How to Make a Tornado in a Bottle

Опубликовал Admin
30-01-2021, 14:30
With water, dish soap, and a bit of spinning, you can make a tornado in a bottle! This can be a great way to learn how tornadoes work. For a basic experiment, try making a tornado in a single bottle. If you want to get more advanced, try putting two bottles together. Read on to learn how to get started!

Filling the Bottle(s)

  1. Fill a plastic bottle with water. Leave two inches of air at the top of the bottle. The size of the bottle doesn't matter – but the bigger the bottle, the bigger the tornado. The bigger the tornado, the easier it will be to observe the effects on the water.
    • If you are only making a one-bottle tornado, you can use a plastic water bottle or a clear glass canning jar. If you are making a larger two-bottle tornado, try using a pair of two-liter soda bottles.
    • Try experimenting with more or less water. Record whether the amount of water has any effect on the size and speed of the tornado.
  2. Add dish soap. Two squirts from a bottle of concentrated soap will do. You can also use oil, or anything hydrophobic (that repels water).
    • Don't try to use other cleaning products like bleach or non-liquid soap. Do not use laundry detergent: it is designed to interact differently with water than dish soap.
    • Try experimenting the amount of dish-washing soap, or the brand of dish-washing soap. See if a particular brand works better than another, or if more or less soap makes a difference.
  3. Add a pinch of glitter. This step is optional, but it may make it easier to see the tornado in action. Alternately, add food coloring for flair. If you're using a large bottle, try putting a few plastic Monopoly houses into the water to simulate the "houses" that are being picked up the tornado.
  4. Seal the bottle. If you are making a one-bottle tornado, you just need to twist the cap and seal it shut. If you are making a two-bottle tornado, you'll need to find a watertight way to fix the openings so that they face one another. Try using superglue, caulk, duct tape, or a large rubber band.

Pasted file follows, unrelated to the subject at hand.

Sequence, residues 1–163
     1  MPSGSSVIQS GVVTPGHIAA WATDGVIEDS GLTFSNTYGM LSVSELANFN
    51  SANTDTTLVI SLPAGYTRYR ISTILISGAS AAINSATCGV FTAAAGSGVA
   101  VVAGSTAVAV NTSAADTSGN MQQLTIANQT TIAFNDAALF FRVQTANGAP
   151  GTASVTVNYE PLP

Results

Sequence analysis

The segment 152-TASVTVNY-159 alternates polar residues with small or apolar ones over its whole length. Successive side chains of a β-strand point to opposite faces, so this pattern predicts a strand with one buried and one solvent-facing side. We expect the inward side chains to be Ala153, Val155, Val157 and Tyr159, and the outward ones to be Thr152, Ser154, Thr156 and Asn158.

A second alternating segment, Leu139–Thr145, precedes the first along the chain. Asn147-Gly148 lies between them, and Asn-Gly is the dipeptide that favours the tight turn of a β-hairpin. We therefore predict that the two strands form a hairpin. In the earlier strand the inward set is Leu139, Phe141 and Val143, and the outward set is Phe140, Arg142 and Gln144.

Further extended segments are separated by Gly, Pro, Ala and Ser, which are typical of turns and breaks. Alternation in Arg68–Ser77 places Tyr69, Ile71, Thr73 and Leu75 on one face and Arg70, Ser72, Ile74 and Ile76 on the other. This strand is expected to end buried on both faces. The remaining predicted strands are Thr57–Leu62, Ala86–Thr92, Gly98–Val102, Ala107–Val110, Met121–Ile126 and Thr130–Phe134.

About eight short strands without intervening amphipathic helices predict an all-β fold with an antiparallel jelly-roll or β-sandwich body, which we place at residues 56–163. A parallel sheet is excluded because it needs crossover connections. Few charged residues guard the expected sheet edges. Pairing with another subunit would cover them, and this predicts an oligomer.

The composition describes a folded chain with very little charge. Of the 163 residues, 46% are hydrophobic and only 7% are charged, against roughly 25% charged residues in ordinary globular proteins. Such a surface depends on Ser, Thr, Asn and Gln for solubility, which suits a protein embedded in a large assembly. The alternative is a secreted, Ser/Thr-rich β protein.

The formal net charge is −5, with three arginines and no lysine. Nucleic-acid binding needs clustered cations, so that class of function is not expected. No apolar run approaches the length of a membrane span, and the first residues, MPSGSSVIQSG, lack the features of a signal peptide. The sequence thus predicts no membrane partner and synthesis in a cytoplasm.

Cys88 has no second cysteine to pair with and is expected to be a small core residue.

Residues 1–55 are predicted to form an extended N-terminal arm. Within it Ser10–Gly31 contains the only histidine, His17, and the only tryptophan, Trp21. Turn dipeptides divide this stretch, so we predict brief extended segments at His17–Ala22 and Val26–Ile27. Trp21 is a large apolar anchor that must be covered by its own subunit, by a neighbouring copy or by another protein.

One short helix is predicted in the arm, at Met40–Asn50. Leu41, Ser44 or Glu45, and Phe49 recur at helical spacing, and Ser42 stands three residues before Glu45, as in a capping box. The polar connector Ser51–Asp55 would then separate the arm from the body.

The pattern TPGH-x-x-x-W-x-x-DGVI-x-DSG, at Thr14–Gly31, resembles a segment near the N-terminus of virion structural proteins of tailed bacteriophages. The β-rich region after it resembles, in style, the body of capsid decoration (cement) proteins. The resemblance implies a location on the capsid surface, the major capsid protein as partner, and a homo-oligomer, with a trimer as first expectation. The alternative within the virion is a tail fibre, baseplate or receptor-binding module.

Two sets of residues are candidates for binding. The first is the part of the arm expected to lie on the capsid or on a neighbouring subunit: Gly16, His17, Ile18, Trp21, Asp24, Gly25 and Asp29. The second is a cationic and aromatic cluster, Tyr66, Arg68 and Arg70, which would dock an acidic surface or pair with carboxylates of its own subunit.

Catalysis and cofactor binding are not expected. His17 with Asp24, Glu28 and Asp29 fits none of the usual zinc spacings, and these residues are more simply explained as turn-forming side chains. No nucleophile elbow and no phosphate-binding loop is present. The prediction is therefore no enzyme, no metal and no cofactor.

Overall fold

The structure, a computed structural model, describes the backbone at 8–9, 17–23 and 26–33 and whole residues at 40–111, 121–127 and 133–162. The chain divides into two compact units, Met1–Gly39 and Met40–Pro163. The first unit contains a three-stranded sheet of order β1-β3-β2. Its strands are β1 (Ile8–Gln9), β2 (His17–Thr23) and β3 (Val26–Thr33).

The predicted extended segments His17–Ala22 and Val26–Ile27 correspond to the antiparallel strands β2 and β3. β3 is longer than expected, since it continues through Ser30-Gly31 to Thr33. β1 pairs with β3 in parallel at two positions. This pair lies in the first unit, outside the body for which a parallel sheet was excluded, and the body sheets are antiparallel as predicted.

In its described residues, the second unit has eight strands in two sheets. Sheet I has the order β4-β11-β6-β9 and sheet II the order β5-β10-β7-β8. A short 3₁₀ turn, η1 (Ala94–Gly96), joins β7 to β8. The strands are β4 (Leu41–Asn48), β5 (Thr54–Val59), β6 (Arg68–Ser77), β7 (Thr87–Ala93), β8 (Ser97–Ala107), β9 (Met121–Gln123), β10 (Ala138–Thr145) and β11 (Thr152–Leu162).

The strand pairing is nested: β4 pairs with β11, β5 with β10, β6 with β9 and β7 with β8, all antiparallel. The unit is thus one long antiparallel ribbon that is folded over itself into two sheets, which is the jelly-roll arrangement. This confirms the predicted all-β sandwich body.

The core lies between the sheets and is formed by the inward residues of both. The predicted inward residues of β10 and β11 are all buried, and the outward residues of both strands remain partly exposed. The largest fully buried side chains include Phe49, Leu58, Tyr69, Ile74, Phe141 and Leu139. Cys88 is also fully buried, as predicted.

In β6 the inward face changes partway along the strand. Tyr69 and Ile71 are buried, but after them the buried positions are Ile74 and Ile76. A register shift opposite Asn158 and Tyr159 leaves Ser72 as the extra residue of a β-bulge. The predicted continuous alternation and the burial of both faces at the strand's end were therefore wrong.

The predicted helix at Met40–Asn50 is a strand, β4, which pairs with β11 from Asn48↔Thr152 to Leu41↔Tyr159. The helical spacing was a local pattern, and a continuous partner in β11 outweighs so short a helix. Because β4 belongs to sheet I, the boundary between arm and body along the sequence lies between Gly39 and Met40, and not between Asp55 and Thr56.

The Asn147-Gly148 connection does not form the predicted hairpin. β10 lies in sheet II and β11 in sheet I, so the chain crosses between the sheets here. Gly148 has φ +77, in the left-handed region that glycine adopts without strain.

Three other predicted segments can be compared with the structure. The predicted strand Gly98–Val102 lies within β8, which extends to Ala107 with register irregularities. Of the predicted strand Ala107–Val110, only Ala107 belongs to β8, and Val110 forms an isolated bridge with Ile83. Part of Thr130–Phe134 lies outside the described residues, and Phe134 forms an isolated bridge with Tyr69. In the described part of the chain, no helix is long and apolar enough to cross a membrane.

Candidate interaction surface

Making a One-Bottle Tornado

  1. Make sure that the bottle is sealed. The trick won't work well unless the container is completely airtight. Test the cap with your hand.
  2. Spin the bottle. Hold it by the top or the bottom, and use your wrist to shake the water in a loose circular vortex. After a few seconds of spinning, you should see the water begin to swirl in the center. This is your "tornado." Ask questions:
    • Why is it spinning?
    • Is the tornado spinning clockwise or counterclockwise?
    • How does the glitter interact with the tornado?
  3. Experiment. Try spinning the bottle slower or faster. Try spinning it upside down. Observe whether changing the spin pattern has any effect on how the tornado looks.
  4. Learn why the water is spinning. It is responding to "centripetal force" – an inward-facing force that pulls an object or liquid toward the center of its circular path. In this case, the water is spinning around the "center" of the vortex, which happens to be the center of the bottle because the bottle defines the size of the "body of water."

Making a Two-Bottle Tornado

  1. Make sure that the two bottles are attached at the mouth. The connection should be airtight and watertight. Set the bottles upright so that the bottom of the full bottle is sitting on the ground or table, and the bottom of the empty bottle is sticking straight up into the air. Be sure to leave an inch or two of air at the top of the "full" bottle.
  2. Flip the bottles upside-down. Think of it like the motion of flipping an hourglass. The bottom bottle should now be empty of water, and the top bottle should be full of water. Hold the bottles for support – the contraption will be top-heavy!
  3. Watch the water trickle down. The air pressure in the now-top bottle is lower than the air pressure in the now-bottom bottle, so there should not be much water flowing between the mouths of the bottles.
  4. Swirl the water-filled bottle in circles. If you gently spin the water-filled bottle on top, water should begin to pour again. This should create a vortex or "tornado" in the center of the water-filled bottle as the liquid flows from a space of low pressure to a space of high pressure.


  • If you are creating a two-bottle tornado, be sure to hold the bottle tops so that they don't break.
  • Try adding sprinkles. You could also use feathers or salt – anything that you think might get pulled up in the tornado!
  • Try adding different things to the mixture such as oil and food coloring. Experiment with different liquids.
  • For a more realistic visual affect, add a few small leaves to simulate the foliage often whipped around by tornadoes.


  • Things could get messy. Try creating this over a sink.

Things You'll Need

  • One or two empty bottles: plastic or glass
  • Dish soap.
  • Food coloring (optional)
  • Glitter, salt, or sprinkles (optional)
  • Monopoly houses, marbles, or pebbles (optional)
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